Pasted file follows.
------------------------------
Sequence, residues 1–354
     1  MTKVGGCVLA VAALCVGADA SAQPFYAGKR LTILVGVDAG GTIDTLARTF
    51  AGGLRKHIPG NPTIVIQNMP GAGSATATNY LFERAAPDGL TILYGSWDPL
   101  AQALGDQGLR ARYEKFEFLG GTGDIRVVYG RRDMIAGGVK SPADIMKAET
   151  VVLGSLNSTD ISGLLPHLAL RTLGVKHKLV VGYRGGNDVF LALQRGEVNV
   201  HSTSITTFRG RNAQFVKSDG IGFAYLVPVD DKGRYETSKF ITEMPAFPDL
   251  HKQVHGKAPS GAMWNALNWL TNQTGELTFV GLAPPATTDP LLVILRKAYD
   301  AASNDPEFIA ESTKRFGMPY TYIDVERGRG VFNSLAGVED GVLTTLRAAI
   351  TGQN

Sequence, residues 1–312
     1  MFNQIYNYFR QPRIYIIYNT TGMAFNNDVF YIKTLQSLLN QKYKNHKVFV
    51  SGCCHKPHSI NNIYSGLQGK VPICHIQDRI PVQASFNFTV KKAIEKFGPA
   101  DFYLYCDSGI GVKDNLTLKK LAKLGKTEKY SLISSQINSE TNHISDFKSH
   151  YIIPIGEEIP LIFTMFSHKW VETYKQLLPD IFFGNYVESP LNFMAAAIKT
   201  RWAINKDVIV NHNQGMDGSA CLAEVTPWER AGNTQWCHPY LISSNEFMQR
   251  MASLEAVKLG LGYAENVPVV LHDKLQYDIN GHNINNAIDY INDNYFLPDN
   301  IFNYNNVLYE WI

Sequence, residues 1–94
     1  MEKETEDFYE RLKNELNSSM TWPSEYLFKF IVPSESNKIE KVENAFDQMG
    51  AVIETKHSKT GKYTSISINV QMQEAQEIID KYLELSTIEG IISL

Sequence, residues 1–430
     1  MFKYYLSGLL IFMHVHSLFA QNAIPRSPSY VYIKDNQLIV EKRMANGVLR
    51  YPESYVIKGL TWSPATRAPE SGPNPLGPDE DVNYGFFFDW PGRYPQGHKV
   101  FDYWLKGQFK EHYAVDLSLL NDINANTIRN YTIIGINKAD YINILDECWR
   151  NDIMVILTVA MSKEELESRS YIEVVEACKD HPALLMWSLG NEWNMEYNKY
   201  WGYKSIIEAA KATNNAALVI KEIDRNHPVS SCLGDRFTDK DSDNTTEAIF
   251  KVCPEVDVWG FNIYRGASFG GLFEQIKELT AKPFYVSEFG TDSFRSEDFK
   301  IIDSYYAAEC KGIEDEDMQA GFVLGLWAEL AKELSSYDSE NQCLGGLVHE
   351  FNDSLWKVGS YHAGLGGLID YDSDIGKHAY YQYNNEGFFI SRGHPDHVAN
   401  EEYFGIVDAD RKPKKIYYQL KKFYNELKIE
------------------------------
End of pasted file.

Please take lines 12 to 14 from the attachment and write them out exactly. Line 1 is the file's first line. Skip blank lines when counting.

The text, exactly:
    51  SGCCHKPHSI NNIYSGLQGK VPICHIQDRI PVQASFNFTV KKAIEKFGPA
   101  DFYLYCDSGI GVKDNLTLKK LAKLGKTEKY SLISSQINSE TNHISDFKSH
   151  YIIPIGEEIP LIFTMFSHKW VETYKQLLPD IFFGNYVESP LNFMAAAIKT